SUMMARY OF THE INVENTION

[0004] According to some embodiments, a nuclear reactor may comprise: fuel comprising plutonium-239; a neutron moderator, such as ZrHx, where x can vary between 1 and 4, but is most often between 1.5 and 1.7, and is preferably about 1.6, YH2, Ti¾ and/or ThH2, which behaves as an Einstein oscillator and as the temperature of the reactor increases the moderator increases the energy of thermal neutrons into the Pu-239 neutron absorption resonance; and a neutron absorbing element with strong neutron absorption around 0,3 eV added to one or more components of a reactor core in the nuclear reactor, wherein said neutron absorbing element is provided in an amount calculated to suppress, at any time during the life of the fuel, a reactivity gain with temperature due to said neutron moderator increasing the energy of thermal neutrons into the Pu-239 neutron absorption resonance. Furthermore, in embodiments said Pu-239 may be present as 0.4 weight percent or more of the fuel, and in further embodiments as 0.1 to 1.0 percent, 1.0 to 5.0 percent, 5 percent to 10 percent, 10 percent to 20 percent, or 20 to 100 percent by weight of the fuel, Furthermore, in

embodiments said neutron absorbing element has an absorption cross section of at least 100 barns, in some embodiments at least 500 barns and in further embodiments over 1000 barns, Furthermore, in embodiments said neutron absorbing element is Erbium,

[0005] According to some embodiments, a method of controlling a nuclear reactor may comprise: providing fuel comprising Pu-239; providing a neutron moderator, such as ZrHx, where x can vary between 1 and 4, but is most often between 1.5 and 1 ,7, and is preferably about 1.6, YH2, TiH2 and/or ThH2,which behaves as an Einstein oscillator and as the temperature of the reactor increases the moderator increases the energy of thermal neutrons into the Pu-239 neutron absorption resonance; and adding a neutron absorbing element with strong neutron absorption around 0.3 eV to one or more components of a reactor core in the nuclear reactor, wherein said neutron absorbing element is provided in an amount calculated to suppress, at any time during the life of the fuel, a reactivity gain with temperature due to said neutron moderator increasing the energy of thermal neutrons into the Pu-239 neutron absorption resonance.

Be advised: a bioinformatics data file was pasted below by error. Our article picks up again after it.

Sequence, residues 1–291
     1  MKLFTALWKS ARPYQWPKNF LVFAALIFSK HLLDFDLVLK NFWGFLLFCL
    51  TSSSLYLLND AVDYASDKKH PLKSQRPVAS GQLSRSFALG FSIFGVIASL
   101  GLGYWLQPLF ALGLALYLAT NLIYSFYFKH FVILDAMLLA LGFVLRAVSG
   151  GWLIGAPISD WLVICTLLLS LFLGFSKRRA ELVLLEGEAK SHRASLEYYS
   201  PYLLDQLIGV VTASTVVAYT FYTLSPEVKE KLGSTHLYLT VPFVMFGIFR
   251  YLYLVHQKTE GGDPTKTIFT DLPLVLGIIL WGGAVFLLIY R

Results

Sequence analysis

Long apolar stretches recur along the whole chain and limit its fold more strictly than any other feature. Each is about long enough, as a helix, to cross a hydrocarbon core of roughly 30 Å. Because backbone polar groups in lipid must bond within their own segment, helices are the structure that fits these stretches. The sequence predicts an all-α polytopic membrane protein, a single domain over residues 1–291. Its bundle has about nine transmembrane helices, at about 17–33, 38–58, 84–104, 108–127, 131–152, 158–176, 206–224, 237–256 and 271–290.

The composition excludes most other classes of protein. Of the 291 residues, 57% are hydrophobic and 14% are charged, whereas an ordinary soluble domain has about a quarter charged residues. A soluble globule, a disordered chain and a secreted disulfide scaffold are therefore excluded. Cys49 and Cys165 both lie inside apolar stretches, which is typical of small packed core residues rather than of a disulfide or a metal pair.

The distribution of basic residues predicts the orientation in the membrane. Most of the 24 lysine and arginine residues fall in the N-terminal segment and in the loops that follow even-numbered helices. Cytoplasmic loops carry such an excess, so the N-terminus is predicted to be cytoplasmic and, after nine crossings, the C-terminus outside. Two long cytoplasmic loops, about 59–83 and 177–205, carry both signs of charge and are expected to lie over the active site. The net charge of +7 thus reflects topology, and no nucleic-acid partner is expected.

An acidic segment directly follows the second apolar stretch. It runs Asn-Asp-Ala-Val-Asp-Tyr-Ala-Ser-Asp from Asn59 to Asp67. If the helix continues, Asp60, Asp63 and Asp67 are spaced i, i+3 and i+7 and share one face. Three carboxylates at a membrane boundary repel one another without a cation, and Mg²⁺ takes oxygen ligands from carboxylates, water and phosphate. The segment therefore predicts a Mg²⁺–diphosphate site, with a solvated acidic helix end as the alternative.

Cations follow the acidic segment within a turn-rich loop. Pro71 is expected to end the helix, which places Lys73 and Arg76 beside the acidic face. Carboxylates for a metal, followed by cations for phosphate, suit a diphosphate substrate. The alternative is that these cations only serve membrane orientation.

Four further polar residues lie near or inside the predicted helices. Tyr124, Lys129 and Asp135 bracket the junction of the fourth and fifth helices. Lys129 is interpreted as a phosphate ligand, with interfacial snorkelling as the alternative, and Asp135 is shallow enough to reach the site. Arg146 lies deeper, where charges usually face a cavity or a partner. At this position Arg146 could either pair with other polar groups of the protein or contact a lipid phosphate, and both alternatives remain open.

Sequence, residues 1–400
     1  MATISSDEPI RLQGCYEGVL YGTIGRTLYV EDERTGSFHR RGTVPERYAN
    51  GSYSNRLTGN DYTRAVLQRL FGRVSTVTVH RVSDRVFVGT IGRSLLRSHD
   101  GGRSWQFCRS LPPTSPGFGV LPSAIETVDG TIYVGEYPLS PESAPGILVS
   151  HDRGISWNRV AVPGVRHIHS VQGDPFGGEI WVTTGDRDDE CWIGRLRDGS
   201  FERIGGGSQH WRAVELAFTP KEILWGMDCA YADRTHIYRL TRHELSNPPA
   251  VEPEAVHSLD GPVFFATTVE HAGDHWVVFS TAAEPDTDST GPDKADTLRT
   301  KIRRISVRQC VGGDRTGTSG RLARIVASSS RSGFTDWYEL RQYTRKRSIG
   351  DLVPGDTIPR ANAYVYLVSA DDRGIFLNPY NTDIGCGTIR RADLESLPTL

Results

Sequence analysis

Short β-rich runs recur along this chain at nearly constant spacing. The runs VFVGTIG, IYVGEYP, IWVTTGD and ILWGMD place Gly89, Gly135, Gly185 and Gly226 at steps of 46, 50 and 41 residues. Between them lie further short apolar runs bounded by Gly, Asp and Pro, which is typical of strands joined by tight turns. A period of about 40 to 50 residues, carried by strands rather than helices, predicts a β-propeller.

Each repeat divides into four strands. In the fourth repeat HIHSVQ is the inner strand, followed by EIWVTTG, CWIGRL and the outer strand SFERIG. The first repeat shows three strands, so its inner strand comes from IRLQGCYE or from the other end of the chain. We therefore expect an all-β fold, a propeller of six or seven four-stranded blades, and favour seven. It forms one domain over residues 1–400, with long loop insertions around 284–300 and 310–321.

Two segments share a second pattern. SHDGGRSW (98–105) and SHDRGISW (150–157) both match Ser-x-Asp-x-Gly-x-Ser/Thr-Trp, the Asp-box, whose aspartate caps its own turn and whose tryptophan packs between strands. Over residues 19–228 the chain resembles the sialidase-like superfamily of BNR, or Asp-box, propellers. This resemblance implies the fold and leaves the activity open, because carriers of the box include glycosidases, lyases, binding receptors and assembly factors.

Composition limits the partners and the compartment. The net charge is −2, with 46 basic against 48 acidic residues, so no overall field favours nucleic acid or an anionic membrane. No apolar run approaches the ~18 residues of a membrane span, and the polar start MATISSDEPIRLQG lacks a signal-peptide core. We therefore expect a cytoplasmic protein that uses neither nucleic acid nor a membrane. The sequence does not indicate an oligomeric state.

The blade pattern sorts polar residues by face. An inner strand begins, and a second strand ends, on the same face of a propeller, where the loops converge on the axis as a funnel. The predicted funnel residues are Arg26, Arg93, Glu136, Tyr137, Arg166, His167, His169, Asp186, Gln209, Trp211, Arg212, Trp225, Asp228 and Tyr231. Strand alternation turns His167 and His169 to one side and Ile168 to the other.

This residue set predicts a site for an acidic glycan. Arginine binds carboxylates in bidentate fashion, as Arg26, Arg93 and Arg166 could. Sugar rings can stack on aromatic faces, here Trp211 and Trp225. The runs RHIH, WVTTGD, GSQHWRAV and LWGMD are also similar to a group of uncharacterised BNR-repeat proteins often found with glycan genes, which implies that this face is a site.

[0006] According to some embodiments, a method of controlling a nuclear reactor may comprise: providing fuel comprising atomic elements that breed Pu-239; providing a neutron moderator, such as ZrHx, where x can vary between 1 and 4, but is most often between 1.5 and 1.7, and is preferably about 1.6, YH2, TiH2 and/or ThH2, which behaves as an Einstein oscillator and as the temperature of the reactor increases the moderator increases the energy of thermal neutrons into the Pu-239 neutron absorption resonance; and adding a neutron absorbing element with strong neutron absorption around 0.3 eV to one or more components in a reactor core of the nuclear reactor, wherein said neutron absorbing element is provided in an amount calculated to suppress or mitigate, at any time during the life of the fuel, a reactivity gain with temperature due to said neutron moderator increasing the energy of thermal neutrons into the Pu-239 neutron absorption resonance. BRIEF DESCRIPTION OF THE DRAWINGS

[0007] Figure 1 is a comparison between neutron energy spectra at different temperatures and the energy dependent microscopic fission cross section of Pu-239 to illustrate spectral shift effects;

[0008] Figure 2 shows cross section comparisons of various elements and isotopes in the Pu-239 resonance region;

[0009] Figure 3 is a top cross-sectional view of a nuclear reactor core, according to some embodiments of the present invention;

[0010] Figure 4 is a cross-sectional detail of a nuclear reactor core arrangement in a first embodiment according to the present invention;

[0011] Figure 5 is a cross-sectional detail of a nuclear reactor core arrangement in a second embodiment according to the present invention;

[0012] Figure 6 is a cross-sectional detail of a nuclear reactor core arrangement in a third embodiment according to the present invention;

[0013] Figure 7 is a cross-sectional detail of a nuclear reactor core arrangement in a fourth embodiment according to the present invention

[0014] Figure 8 is a cross-sectional detail of a nuclear reactor core arrangement in a fifth embodiment according to the present invention;

[0015] Figure 9 is a cross-sectional detail of a nuclear reactor core arrangement in a sixth embodiment according to the present invention;

[0016] Figure 10 is an axial profile view of a nuclear reactor core, according to some embodiments of the present invention; and

[0017] Figure 11 is an axial profile view of a nuclear reactor core with an example of a dedicated poison/suppressant position, according to some embodiments of the present invention.